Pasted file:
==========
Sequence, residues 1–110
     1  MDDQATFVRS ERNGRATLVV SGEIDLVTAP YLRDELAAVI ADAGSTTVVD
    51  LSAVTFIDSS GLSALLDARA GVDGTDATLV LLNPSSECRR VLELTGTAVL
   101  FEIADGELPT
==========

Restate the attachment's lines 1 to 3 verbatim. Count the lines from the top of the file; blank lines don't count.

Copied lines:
Sequence, residues 1–110
     1  MDDQATFVRS ERNGRATLVV SGEIDLVTAP YLRDELAAVI ADAGSTTVVD
    51  LSAVTFIDSS GLSALLDARA GVDGTDATLV LLNPSSECRR VLELTGTAVL